Mansions of Misery
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For Londoners of the eighteenth and nineteenth centuries, debt was a part of everyday life. But when your creditors lost their patience, you might be thrown into one of the capital’s most notorious jails: the Marshalsea Debtors’ Prison.
The Marshalsea became a byword for misery; in the words of one of its inmates, it was ‘hell in epitome’. But the prison was also a microcosm of London life and it housed a colourful range of characters, including Charles Dickens’s father. The experience haunted the writer, who went on to immortalise the Marshalsea in his work, most memorably in 'Little Dorrit'.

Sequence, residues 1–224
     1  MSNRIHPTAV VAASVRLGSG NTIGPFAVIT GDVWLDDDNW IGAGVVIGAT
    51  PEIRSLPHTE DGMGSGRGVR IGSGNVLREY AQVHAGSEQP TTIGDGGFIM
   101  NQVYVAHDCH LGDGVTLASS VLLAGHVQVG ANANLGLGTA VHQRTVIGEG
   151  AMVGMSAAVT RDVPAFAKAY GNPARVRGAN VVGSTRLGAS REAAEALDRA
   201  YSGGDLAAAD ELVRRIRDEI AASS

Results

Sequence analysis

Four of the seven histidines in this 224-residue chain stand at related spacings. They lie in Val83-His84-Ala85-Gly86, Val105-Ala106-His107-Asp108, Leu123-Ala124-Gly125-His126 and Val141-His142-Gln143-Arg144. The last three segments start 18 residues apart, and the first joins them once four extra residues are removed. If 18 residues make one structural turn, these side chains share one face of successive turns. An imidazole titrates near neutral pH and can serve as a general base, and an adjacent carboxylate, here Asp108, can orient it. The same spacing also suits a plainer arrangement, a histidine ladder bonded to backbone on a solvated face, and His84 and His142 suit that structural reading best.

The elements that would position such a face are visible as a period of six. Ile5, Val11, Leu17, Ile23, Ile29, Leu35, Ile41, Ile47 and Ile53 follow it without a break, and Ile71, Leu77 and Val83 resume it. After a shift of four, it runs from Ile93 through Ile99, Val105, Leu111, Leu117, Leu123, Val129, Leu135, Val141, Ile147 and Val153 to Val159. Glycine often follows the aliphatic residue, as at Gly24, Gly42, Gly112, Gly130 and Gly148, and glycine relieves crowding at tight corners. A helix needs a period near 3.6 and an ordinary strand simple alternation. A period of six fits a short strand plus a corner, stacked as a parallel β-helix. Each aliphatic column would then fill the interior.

In 'Mansions of Misery', acclaimed chronicler of the capital Jerry White introduces us to the Marshalsea’s unfortunate prisoners – rich and poor; men and women; spongers, fraudsters and innocents. We get to know the trumpeter John Grano who wined and dined with the prison governor and continued to compose music whilst other prisoners were tortured and starved to death. We meet the bare-knuckle fighter known as the Bold Smuggler, who fell on hard times after being beaten by the Chelsea Snob. And then there’s Joshua Reeve Lowe, who saved Queen Victoria from assassination in Hyde Park in 1820, but whose heroism couldn’t save him from the Marshalsea.
Told through these extraordinary lives, 'Mansions of Misery' gives us a fascinating and unforgettable cross-section of London life from the early 1700s to the 1840s.
Publisher: Bodley Head